A Personal Statement Manifesto for Older Graduate and Non-Traditional Students
One of the most common questions I get when I work with any student over the age of 24 is: “Will they think I’m a flake because I [dropped out of school] or [am changing paths] or [insert fear here].” Alas, despite great changes in the way most careers look today, we still seem to carry around this notion that a successful person is someone who knows what they want to do right out of college, settles down onto the steady, beaten career path, and never makes a move.
But all you need to do is take one look at LinkedIn to see just how few people work this way anymore. Most resumes list one year here, a couple of years there, and more job titles than I personally knew ever existed (Chief Happy Maker? Really?). While some career paths will undoubtedly require more consistency than others (particularly those that involve drilling into our teeth or making sure our bridges stay standing), most graduate programs and employers appreciate a candidate with a diverse background, just as long as it’s driven by passion, engagement, a few basic skill sets, and the willingness to work hard to fill in any gaps.
With these principles in mind, there are a few key strategies that any older or even not-so-old student returning to college or applying to graduate school can use to emphasize the positives.
1. Write it like the journey it is. It may feel to you like you bounced around from one thing to another, but for most candidates, that’s just not the case. Most likely you began your career by following one interest or passion, took note of the pros and cons and learned a whole bunch of life lessons, which then drove you into your next experience during which you took notes....etc. With each step, you’ve gotten a little bit closer to finding exactly what it is you want to do, and you’ve added new skills that help you contribute to each role along the way.
2. Find the thread. Once you’ve begun to embrace this idea of your experiences being a journey rather than a ping pong ball, find the thread that ties it all together. Let’s say, for instance, that you worked in the kitchen of a small boat after college, moved to Seattle to work as a barista in a coffee shop on Puget Sound, jumped into being a business analyst at a pharmaceutical company, and are now applying to marine biology programs. Well, the thread here is clearly the sea - being around it, studying it, observing it. With each step in your journey, you learned more about why you needed to be close to the sea...except for the business analyst role, which you can frame as giving you the nitty gritty, analytical skills you’ll need in this PhD program. Yes, even if it was for a pharmaceutical company, that counts. Tell your story like you’re the hero of a quest. What tools did you need to gather before you could reach your moment of truth?
3. Frame the present moment as the culminating point. Look, you and I know that in ten years you may change your mind and decide not to be what you’re applying to be now. But if you’re prepared to leave your job and put this much money into your education, if you’re going to suffer through the stress of the application process, you better be pretty passionate about the programs you’re applying to. Let that come through in your application, highlighting your application as the culminating point of your journey. Throughout all of your experiences, throughout all of your exploration, it’s all come down to this.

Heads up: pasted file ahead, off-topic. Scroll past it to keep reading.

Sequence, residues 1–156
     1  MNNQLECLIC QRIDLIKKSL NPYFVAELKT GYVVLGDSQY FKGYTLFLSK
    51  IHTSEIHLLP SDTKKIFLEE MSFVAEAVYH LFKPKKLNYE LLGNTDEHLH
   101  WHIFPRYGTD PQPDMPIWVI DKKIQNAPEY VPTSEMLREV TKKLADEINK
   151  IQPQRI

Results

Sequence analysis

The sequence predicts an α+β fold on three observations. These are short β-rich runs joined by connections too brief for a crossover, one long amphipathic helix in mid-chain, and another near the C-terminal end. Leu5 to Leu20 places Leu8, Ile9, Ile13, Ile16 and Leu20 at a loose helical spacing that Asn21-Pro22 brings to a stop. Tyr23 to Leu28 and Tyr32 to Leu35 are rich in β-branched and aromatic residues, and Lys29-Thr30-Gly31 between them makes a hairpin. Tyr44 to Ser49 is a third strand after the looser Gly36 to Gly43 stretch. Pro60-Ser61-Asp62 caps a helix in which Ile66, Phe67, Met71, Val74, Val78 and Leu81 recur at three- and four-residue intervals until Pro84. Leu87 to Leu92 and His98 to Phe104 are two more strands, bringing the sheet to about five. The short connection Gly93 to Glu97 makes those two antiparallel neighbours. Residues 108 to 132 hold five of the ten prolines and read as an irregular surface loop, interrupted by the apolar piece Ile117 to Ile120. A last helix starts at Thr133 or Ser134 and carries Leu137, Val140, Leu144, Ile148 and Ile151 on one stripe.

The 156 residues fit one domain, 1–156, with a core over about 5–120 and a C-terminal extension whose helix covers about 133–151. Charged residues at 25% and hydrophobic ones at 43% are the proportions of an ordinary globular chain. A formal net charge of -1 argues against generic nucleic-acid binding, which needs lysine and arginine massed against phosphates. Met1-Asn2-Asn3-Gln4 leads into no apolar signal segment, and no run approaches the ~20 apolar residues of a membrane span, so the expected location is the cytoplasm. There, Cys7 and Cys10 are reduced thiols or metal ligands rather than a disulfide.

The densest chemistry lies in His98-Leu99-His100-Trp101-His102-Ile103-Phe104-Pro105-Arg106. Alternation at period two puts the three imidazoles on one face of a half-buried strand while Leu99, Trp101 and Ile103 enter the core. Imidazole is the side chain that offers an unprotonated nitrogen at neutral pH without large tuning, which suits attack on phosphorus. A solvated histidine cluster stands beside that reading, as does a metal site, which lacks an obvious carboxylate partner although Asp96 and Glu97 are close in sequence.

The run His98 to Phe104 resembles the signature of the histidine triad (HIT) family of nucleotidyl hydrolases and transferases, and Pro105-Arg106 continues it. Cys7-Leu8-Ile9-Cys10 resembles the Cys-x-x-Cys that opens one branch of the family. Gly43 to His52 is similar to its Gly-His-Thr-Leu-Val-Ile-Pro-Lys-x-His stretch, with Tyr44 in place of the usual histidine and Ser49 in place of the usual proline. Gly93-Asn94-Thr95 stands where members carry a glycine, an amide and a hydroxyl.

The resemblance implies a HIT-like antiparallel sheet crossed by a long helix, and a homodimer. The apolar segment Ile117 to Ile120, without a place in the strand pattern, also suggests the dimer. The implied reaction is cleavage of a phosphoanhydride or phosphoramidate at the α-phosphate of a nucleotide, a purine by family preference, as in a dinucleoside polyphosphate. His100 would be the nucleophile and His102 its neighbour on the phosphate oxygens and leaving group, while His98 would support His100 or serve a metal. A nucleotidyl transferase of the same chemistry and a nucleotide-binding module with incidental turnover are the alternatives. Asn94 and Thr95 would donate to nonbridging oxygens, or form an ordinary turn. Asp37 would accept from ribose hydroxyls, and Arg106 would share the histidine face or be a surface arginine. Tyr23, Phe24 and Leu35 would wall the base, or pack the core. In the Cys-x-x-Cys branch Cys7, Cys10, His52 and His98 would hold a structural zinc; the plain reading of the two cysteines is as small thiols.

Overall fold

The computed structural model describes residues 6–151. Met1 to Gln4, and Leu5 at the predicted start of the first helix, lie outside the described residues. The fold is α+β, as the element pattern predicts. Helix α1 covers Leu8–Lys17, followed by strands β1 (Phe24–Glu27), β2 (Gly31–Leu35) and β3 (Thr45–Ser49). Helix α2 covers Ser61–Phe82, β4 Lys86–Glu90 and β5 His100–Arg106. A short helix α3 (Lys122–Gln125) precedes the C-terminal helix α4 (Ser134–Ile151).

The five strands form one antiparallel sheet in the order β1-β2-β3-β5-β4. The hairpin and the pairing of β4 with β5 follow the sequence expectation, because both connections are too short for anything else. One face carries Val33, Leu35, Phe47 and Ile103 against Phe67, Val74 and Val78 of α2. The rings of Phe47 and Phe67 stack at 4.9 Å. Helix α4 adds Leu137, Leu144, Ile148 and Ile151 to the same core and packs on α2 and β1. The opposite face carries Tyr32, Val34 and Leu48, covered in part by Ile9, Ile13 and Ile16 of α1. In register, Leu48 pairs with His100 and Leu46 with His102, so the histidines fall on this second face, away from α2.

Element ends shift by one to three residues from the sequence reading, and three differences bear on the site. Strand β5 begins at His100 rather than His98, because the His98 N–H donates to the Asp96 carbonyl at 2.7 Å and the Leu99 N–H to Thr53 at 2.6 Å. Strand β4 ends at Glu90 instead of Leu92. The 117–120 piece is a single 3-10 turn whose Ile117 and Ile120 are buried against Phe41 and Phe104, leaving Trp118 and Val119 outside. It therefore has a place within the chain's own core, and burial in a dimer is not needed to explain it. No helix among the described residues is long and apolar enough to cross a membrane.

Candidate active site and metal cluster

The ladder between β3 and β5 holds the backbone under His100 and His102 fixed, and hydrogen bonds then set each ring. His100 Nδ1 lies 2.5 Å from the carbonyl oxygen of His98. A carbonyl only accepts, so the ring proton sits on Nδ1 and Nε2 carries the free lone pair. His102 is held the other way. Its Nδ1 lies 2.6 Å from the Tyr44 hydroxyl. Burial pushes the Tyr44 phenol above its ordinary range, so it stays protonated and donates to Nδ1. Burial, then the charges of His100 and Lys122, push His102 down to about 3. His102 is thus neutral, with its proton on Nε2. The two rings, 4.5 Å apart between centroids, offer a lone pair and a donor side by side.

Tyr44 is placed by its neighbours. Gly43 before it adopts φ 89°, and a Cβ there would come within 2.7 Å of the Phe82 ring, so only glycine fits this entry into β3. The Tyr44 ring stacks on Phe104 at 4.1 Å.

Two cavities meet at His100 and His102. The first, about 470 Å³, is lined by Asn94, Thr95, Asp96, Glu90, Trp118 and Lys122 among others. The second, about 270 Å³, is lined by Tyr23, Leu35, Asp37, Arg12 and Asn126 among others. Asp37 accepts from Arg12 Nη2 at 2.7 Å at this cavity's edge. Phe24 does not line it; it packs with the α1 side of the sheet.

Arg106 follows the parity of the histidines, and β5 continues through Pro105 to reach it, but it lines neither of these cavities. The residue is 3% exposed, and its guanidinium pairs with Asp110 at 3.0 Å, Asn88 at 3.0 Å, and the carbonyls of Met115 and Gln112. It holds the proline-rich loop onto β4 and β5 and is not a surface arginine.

Your story is compelling and you do not seem like a flake. You just have to sit down and find the thread and passions that tie it all together so that we can see the connections just as well as you do.
Leah Kaminsky is the founder and head writing specialist at Just Start Applications. She’s been writing since before she was born (that’s right, it’s possible!) and has over a decade of experience helping students and business people tell their stories using their authentic voice. Check out her full bio here and contact us today for help getting into the college, graduate school or medical school of your choice. Cute photos of puppies running through meadows are also welcome.
Share this Article
A Personal Statement Manifesto for Older Graduate and Non-Traditional Students How non-traditional students, returning students and older graduate students should approach the personal statement.
Search The Blog
Most Popular Entries
- Adult U.: Why Adult Students Have Nothing to Fear From Going Back to College.:
- What NOT to Say In Your College Essay
- Make Your Medical School Application Stand Out With a Killer Personal Statement
- Changing Education Paradigms
- One More To Do List for High School Seniors
- How to Celebrate Your College Acceptance Without Ticking Off Your Friends
- How to Use Dialogue in Your College Essay
- Get Ready for the ULTIMATE San Francisco Match
- Troll This: Using Your Wildly Developed Googling Skills to Stay on Top of Admissions
- Using Simile and Metaphor in Your College Essays
- Why the Common Application Essay’s 500 Word Limit if Your Friend
- Find Your Med School App a Theme
- Guide to ERAS for Medical Residency Applicants
- Top 5 Ways to Write a Killer Introduction for Your Med School App
- WHO AM I? Or: Finding Things to Write for Your College Essay
- How to Get Out of Tutoring (and Other Things)
- Should I Apply to Grad School?
- Graduate Students Just Start Thinking About Your Writing Samples!
- Nice Work, Junior